Behind-the-ear (BTE)

As the name suggests, behind-the-ear (BTE) hearing aids sit behind the ear and deliver sound into the ear either via ‘sound tube’. The sound tube can either be 2mm diameter acoustic tubing channelled through a custom-made earmould, or a discreet ‘thin-tube’ attached to an ear dome or custom-made micro-mould which fits inside the ear canal.

Hover over to view BTE when worn

BTE hearing aids house either a size 10 (Yellow), size 312 (Brown) or size 13 (Orange) battery depending on the style and size selected. The typical lifespan of a size 10 battery is between 3-5 days, size 312 battery between 5-7 days and size 13 battery between 10-14 days but this can vary depending upon the number of hours per day the hearing aid is worn, the severity of hearing loss and the technology level of hearing aid.


  • BTE hearing aids with thin-tubes can often be more discreet and invisible than custom invisible-in-canal (IIC) and completely-in-canal (CIC) hearing aids.
  • Very powerful so suitable for profound hearing losses
  • Different ear domes and earmoulds can be fitted making them suitable for a variety of types of hearing losses.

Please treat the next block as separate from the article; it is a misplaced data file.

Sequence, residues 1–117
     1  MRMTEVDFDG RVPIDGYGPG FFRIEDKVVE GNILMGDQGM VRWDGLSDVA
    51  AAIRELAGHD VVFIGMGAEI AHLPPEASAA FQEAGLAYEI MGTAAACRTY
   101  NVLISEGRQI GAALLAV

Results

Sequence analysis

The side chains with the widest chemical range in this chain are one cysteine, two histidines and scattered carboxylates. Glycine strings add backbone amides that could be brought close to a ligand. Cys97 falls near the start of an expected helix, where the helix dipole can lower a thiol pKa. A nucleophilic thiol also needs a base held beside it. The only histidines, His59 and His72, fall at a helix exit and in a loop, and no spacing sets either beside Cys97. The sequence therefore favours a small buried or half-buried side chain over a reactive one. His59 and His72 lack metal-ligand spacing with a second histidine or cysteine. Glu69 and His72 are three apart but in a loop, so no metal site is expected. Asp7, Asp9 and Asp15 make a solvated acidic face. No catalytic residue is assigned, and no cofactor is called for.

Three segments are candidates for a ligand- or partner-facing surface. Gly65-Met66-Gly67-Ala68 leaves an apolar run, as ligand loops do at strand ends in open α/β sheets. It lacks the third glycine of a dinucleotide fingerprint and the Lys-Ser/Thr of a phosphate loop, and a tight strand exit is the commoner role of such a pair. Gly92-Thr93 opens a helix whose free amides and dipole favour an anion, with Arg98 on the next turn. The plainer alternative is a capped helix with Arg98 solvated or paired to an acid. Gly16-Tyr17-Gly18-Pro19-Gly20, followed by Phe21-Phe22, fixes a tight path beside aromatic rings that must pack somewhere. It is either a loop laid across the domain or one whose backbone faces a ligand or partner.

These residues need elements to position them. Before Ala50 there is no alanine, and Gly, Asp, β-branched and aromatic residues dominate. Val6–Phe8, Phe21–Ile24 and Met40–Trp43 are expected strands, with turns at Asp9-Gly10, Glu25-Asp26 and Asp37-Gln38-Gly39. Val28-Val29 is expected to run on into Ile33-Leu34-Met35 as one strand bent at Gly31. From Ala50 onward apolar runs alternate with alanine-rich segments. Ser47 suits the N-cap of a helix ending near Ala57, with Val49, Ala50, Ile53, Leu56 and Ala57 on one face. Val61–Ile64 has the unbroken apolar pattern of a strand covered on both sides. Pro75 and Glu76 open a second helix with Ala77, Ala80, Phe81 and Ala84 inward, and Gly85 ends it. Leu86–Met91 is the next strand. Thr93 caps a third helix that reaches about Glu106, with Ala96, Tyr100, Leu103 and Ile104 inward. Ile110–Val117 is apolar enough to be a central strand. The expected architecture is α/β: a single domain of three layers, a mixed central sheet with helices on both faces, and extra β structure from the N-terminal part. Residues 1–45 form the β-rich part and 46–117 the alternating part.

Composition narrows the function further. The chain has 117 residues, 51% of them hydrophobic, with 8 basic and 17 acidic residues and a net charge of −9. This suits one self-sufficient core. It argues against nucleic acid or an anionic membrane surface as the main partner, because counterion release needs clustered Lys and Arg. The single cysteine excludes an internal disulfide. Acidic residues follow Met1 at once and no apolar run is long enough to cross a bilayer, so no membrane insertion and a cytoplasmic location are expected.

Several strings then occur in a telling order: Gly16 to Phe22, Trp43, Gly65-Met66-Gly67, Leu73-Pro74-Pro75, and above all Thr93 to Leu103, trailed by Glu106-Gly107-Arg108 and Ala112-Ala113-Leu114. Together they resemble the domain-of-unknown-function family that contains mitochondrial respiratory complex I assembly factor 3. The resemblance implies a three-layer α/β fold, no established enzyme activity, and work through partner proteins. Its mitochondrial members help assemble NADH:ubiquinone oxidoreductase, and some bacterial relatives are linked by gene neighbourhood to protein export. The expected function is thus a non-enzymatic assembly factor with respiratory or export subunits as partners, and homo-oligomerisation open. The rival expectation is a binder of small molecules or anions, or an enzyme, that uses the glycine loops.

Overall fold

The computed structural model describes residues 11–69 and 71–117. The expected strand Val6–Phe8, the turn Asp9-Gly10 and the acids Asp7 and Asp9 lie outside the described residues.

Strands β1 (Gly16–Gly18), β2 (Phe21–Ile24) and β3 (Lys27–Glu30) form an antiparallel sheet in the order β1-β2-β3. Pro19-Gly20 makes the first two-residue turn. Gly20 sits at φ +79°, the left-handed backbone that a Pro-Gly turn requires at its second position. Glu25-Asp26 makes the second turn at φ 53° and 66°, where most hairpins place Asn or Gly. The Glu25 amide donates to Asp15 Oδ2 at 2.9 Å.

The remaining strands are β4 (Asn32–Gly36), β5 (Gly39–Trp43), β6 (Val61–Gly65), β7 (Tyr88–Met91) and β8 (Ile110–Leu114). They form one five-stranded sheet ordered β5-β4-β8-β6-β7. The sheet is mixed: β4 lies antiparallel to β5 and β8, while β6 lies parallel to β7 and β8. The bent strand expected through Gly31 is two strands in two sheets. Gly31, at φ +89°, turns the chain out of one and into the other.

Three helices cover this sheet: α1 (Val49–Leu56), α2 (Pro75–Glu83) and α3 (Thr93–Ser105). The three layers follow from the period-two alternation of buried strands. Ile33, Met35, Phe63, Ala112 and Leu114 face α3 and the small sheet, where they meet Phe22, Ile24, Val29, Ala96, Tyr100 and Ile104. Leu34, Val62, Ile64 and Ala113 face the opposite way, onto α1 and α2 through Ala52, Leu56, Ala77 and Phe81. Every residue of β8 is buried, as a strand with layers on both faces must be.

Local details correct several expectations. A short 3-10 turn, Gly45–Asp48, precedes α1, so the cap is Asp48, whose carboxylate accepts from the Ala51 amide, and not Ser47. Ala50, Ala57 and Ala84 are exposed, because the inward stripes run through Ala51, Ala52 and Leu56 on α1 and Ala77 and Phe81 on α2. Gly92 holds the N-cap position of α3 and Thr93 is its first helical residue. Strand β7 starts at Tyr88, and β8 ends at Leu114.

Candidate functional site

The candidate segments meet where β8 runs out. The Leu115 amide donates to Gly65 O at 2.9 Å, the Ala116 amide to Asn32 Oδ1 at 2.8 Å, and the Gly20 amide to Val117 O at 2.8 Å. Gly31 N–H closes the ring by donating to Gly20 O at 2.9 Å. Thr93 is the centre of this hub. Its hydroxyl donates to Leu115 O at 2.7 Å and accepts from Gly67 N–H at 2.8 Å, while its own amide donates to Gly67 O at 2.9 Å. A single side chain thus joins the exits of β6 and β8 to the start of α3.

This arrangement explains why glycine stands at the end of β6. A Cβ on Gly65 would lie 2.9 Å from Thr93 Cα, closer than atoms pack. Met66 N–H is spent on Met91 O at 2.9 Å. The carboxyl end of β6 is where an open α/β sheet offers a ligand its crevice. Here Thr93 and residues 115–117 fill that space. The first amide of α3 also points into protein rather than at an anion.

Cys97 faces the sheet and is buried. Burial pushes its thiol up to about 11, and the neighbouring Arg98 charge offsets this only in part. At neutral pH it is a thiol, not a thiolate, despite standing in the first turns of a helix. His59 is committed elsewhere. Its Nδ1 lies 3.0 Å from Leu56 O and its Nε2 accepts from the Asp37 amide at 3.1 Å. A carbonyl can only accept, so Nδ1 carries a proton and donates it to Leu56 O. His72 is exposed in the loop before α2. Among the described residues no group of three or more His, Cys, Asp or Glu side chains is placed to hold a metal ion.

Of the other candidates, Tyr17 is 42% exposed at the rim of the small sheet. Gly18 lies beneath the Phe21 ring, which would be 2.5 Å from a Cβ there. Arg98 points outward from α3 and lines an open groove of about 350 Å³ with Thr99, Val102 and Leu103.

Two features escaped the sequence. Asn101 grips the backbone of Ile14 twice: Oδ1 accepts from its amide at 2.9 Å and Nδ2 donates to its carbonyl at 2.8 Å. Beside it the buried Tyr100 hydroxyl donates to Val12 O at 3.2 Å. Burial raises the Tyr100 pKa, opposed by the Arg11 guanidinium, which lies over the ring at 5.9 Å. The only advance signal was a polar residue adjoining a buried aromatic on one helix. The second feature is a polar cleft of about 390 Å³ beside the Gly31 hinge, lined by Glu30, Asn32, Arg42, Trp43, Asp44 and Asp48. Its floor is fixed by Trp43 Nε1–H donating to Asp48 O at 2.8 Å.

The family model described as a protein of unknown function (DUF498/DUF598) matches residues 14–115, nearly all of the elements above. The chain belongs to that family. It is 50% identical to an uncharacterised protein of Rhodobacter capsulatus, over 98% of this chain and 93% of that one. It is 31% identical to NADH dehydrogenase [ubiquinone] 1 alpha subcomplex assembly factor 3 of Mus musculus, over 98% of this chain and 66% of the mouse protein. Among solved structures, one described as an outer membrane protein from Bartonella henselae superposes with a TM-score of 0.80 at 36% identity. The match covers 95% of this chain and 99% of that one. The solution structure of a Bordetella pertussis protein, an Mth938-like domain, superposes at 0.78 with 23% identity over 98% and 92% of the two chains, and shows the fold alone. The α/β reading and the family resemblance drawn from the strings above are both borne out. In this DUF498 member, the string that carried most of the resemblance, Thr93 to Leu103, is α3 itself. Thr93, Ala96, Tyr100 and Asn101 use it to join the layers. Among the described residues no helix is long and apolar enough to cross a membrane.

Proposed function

• Dual-microphones help to improve speech understanding in noise.
  • Wireless and telecoil options.


  • Not always appropriate if you have poor vision or manual dexterity.
  • A less natural and crisper sound quality when compared to receiver-in-canal (RIC) hearing aids as the sound is being transmitted through a tube creating artificial peaks and troughs (tube resonances)
  • Tubing needs regular replacement as can become hard and brittle which affects sound quality and transmission.
  • Condensation build-up inside the tubing can also affect sound quality and transmission. Moisture-free tubing can be used but can slip out of the earmould easily and cause irritation to the side of the ear if makes contact due to its ‘rubbery’ texture.
  • Microphone more susceptible to damage due to dead skin from behind the ear.
  • Loss of natural acoustics provided by the external ear (pinna) that help with localising the direction of sound from in front and behind you.
  • Telephone receiver needs to be held in slightly unnatural position over the top of the ear next to the hearing aid microphone.

Other hearing aid styles…